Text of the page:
Oregon Divorce Laws – What You Need to Know!
In Oregon, a divorce is called a dissolution of marriage. Either party or both may file for dissolution. The party who files the petition for divorce is the petitioner; the party that must respond is the respondent. If they both file together, they are referred to as the co-petitioners.
There are many documents that must be filed in order for a judge grant a divorce or dissolution of marriage, especially if there are children born of the marriage. For example, if there are pending child support orders and proceedings, then the petitioner must file a certificate that explains the current proceedings. A Uniform Child Custody Jurisdiction and Enforcement Act affidavit must be filed, as well, that details where the children have lived for the past five years and the details regarding pending parenting time orders and proceedings.
What Happens After a Petitioner Files for Divorce?
If the couple is not co-petitioners, then the respondent must be served a summons and a copy of the petition. If the respondent cannot be located, then the petitioner can ask the court to allow a notice to be published in a local newspaper or posted at the courthouse.
If the respondent was served, then he or she has 30 days to respond to the petition. If the respondent does not file a response, then the petitioner may be given everything that was asked for in the original petition. If there is a response filed, then the case may be set for a settlement hearing, mediation or for trial, depending on what the court’s procedures are.
Is Oregon a No-Fault Divorce State?
Oregon is a no-fault divorce state. All that is required is that the marriage is irretrievably broken. One spouse does not need the other’s permission to file for divorce.
Do Oregon Courts Recognize Different Types of Dissolutions?
A summary dissolution is allowed if a couple has a simple dissolution case. There are specific requirements that must be met in order to qualify for a summary dissolution. Some of those include, but are not limited to:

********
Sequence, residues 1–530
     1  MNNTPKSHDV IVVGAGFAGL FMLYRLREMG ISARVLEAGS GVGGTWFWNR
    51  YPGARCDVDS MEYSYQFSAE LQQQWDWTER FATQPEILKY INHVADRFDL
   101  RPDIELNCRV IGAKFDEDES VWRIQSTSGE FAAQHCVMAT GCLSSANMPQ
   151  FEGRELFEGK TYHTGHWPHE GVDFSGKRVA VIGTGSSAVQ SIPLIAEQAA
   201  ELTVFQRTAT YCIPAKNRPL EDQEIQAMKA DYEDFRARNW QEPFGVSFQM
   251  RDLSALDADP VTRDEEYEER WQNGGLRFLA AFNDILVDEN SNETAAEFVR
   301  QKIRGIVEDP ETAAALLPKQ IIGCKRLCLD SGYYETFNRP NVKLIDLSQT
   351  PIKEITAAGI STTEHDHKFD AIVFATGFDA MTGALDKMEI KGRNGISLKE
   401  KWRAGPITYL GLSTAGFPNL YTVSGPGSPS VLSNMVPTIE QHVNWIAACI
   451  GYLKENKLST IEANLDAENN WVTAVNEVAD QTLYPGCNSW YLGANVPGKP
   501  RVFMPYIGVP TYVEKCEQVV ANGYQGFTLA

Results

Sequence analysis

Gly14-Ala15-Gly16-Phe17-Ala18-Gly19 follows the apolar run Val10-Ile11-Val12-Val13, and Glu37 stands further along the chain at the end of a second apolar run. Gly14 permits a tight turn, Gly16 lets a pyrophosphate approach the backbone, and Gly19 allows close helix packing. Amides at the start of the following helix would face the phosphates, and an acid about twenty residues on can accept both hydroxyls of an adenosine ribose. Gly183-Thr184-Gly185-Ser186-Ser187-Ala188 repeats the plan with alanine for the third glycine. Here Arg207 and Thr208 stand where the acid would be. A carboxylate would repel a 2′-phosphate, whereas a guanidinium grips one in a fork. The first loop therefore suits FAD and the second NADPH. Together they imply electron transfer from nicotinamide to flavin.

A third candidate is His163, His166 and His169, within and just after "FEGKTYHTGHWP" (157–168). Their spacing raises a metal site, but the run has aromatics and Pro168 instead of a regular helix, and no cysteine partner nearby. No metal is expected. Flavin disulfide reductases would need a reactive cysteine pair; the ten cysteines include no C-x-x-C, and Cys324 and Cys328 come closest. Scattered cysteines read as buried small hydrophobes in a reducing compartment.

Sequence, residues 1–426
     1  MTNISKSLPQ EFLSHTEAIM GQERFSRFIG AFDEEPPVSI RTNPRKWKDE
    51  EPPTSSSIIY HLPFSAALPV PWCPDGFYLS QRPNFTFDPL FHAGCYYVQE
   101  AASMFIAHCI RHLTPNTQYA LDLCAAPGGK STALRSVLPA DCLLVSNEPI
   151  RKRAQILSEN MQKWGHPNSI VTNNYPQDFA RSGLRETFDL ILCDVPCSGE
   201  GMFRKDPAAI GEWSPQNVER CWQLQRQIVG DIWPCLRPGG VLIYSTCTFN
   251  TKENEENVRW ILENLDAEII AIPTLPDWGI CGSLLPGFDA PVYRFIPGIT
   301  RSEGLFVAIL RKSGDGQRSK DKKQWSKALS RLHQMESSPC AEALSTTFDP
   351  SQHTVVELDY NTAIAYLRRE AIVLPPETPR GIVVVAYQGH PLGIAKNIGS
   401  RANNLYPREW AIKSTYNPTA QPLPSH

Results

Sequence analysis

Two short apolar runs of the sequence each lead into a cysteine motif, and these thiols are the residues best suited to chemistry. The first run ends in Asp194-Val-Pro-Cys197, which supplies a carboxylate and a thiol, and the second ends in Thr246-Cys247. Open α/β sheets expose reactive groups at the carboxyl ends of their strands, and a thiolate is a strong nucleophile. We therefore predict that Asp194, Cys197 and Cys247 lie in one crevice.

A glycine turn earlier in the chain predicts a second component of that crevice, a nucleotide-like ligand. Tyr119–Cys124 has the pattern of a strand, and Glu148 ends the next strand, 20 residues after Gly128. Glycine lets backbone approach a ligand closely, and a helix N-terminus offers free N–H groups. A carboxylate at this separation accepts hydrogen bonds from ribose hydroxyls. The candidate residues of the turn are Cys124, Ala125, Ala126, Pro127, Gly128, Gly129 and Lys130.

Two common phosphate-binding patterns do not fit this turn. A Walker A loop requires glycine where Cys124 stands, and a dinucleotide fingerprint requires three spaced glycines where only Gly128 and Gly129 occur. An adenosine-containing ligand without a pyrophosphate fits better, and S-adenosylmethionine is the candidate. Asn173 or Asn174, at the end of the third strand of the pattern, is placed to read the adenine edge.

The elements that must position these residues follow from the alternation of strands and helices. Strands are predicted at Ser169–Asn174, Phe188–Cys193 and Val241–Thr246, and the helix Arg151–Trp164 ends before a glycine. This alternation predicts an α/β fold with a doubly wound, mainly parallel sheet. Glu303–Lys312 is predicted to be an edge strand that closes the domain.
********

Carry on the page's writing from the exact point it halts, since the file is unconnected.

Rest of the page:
- You may not have been married for longer than 10 years.
- You and your spouse cannot have any children under the age of 18 born or adopted by the two of you. The wife may not be pregnant.
- Neither party can own any real estate.
- Neither party can own, either together or individually, personal property worth more than $30,000 after the amount owed is deducted.
- Marital debts must not be more than $15,000.
- No spousal support is sought by either party.
How Long Does a Dissolution of Marriage in Oregon Usually Take?
Each court in Oregon that handles dissolution cases will have their own timelines for such things as parenting classes, mediation or other requirements. How long it takes for a dissolution depends on a number of factors, including how complex your case is and if the respondent files a response.
As you can see, filing for a divorce or dissolution of marriage in Oregon can be a very time-consuming, complex endeavor. An experienced family law attorney can provide advice and guidance, as well as ensuring that your rights and the rights of your children are kept at the forefront.
The information on this page is meant to provide a general overview of the law. The laws in your state and/or city may deviate significantly from those described here. If you have specific questions related to your situation you should speak with a local attorney.
Additional Divorce Articles
- What Documents and Supporting Information are Required to be Submitted with a Divorce Petition in Oregon?
- What Are the Laws in Oregon About How Marital Property Will be Distributed After Divorce?
- What are Grounds for Divorce in Oregon?
- What are the Residency and Filing Requirements for Divorce in Oregon?